The Order: 1886 is a third-person shooter game launched early this year by Ready at Dawn (makers of God of War). Is the game something that will cater to a lot of players or will it be like an acquired taste? Read on and find out in this review.
The story takes place in an alternate 19th century London nearing the end of the Victorian times. The environment is full of steampunk goodness like Zeppelins, clothes/gears from the Industrial Revolution era, and old school guns that spew out electricity and grenades.
Your character, Sir Galahad, is a knight that supposedly originated from sir Arthur’s Knights of the Round Table — dedicated to fight the evil that haunts humanity. 1886 is the year when they find themselves plagued by werewolves (also known as Lycans). These half-breeds are on the prowl for fresh meat and it’s up to The Order to stop them.
Just within the first 15 minutes of gameplay we could already tell that the developers behind this game poured a good amount of time and effort in making the graphics seamless.
As we’ve mentioned, the setting is made to look like 19th century London and they nailed it in terms of the overall feel. The atmosphere that they built really puts you in a time-travelling machine to the Victorian era thanks to small details like the distant steam coming out of machines, melancholic gray skies, pointed tips of structures, and carefully-crafted interior.
After the cinematic cutaways we often found our character idle and waiting for commands since we couldn’t draw the line when the cutaways are done and the gameplay begins due to its flawless graphics.
Facial expressions are also top-notch — they capture the emotions of the characters according to each scenario in the story. What we’re trying to say here is that this game is a testament to what Sony’s PS4 can produce when partnered with serious developers in terms of graphics.
The game is fixed on a third-person setup with a cover-and-shoot kind of chemistry going on. It’s the same type of gameplay used in games like Tom Clancy’s Splinter Cell: Blacklist or Gears of War so if you’ve already played those titles then learning curve is easily quite steep. Running, vaulting, and shimmying across walls are some of what Sir Galahad can perform.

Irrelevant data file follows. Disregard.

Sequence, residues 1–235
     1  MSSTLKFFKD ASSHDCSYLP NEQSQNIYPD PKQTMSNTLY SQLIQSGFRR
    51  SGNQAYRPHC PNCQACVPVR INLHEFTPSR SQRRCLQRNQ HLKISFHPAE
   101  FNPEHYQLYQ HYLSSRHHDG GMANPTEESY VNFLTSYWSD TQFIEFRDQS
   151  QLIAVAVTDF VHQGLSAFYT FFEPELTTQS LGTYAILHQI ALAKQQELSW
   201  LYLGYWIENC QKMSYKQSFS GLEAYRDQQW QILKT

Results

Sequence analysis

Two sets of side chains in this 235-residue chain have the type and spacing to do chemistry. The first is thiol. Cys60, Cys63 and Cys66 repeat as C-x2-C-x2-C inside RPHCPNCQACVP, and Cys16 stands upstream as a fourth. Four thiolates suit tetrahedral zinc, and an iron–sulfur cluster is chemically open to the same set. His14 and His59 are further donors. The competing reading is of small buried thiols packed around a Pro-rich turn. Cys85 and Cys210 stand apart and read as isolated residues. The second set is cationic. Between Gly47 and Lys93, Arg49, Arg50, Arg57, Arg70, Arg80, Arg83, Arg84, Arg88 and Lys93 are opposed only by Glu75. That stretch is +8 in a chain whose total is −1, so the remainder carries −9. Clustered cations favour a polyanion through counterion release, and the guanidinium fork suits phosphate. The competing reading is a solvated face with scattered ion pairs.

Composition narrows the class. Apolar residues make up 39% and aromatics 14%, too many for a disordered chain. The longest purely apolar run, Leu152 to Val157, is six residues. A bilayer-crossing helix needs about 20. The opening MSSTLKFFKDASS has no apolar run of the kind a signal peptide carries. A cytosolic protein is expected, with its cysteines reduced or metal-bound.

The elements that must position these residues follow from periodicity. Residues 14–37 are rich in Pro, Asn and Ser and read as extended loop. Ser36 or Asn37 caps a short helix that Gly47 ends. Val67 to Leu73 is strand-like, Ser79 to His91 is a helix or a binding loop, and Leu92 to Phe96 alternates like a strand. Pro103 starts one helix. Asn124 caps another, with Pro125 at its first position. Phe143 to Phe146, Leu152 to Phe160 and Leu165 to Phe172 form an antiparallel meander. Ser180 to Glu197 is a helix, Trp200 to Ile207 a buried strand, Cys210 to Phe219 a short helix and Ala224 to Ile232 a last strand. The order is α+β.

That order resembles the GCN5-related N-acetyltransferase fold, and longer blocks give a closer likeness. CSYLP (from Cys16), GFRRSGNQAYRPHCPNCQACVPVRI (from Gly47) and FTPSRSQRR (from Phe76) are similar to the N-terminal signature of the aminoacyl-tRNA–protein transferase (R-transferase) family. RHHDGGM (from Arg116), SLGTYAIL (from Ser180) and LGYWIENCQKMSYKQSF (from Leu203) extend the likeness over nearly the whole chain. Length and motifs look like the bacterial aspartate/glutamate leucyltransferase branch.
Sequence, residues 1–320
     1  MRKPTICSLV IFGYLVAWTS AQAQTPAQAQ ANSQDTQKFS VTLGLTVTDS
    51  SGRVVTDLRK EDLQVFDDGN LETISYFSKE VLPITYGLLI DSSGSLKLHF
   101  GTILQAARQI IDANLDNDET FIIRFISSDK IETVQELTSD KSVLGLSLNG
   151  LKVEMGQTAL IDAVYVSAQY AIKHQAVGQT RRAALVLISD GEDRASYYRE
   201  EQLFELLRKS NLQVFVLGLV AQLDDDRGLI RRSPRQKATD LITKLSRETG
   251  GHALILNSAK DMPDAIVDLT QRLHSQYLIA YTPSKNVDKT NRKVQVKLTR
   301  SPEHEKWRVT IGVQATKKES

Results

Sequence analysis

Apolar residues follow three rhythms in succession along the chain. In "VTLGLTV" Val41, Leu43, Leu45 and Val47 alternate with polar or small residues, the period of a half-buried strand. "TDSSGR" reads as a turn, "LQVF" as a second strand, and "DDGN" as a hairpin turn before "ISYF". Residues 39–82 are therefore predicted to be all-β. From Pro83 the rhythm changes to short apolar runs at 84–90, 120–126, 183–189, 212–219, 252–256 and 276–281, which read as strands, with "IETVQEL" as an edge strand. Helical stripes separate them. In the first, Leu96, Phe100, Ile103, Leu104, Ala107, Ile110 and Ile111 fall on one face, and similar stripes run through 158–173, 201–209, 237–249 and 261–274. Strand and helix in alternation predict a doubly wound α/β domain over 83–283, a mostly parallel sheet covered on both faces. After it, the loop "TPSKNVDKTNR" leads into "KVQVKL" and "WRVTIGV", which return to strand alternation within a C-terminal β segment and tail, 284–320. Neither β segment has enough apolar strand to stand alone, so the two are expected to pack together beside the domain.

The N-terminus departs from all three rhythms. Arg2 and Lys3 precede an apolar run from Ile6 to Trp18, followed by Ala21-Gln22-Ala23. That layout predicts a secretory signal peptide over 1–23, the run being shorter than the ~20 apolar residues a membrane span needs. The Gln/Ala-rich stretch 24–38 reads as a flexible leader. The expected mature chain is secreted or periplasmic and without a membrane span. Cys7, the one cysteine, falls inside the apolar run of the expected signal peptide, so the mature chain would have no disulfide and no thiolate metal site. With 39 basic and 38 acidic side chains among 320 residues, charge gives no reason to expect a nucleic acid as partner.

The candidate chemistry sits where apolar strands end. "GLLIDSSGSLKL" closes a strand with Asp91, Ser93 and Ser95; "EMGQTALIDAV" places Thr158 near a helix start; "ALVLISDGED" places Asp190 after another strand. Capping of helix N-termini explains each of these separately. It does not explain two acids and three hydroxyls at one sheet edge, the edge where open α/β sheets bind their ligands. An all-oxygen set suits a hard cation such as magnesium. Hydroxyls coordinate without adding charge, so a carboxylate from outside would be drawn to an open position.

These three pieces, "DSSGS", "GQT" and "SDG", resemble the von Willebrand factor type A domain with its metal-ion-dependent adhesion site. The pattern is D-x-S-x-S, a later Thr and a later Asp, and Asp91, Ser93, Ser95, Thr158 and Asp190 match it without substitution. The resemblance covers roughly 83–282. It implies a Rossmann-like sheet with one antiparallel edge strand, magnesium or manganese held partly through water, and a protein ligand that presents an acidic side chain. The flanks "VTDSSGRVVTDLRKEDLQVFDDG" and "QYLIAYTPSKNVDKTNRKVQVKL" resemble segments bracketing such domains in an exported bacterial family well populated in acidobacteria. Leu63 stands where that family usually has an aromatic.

In addition, it also has the Inspect element during gameplay that lets you look at certain items in different angles using your joystick — and satisfactorily feels nothing short of how you’d look at an object in real life.
The entire game is full of cut-scenes. It basically is a combination of running, killing, and yes — cut-scenes. From what we could tell by finishing the game the team wanted the player to feel a movie-like experience (hence the letterbox throughout) with the aim of really being a part of it.
The game also makes use of QTEs (quick-time events) during cut-scenes. We admit that it prompted us more than other games did, and my brother (who is also a big time gamer) found them overly-used. Personally, though, I enjoyed it since it still made me feel part of the game even though it was only a cut-scene.
What we found as a big-time bummer is the lack of interaction with the otherwise intricate environment. Unlike other games that you can break tables or have elements moving around when you run past them, The Order: 1886 employs static objects that you just bump along the way.
This is the case for most of the items in the game but except for guns and ammo that you pick up, you can only interact with letters and photos placed conveniently on surfaces that you can read and look at. It wasn’t particularly fun.
The Order: 1886 certainly has the elements of a great game, although maybe not enough to satisfy a wide range of gamers. The game is story-driven, which means there are no chances of free-roaming, definitely not the open world type of game, and gives more of a movie-like experience rather than a grind-and-strengthen-your-character kind of approach.
Setting aside its eye-popping graphics it might be something that at first, seem lacking, but will later on turn out to be enjoyable as soon as you realize what it’s gunning for.
If you just want a plain but fun shooter game that you can just play and relax to and not think of strategies or what mission you should do next, then this game could be right up your alley. Otherwise, you might be finding yourself asking more from the game.
What we liked about it:
- Astounding graphics/details/textures
- Facial expressions make the characters life-like
- Easy to enjoy cover-and-shoot gameplay
What we didn’t like:
- All you could interact with (in the environment) are papers
- Story is somewhat weak and common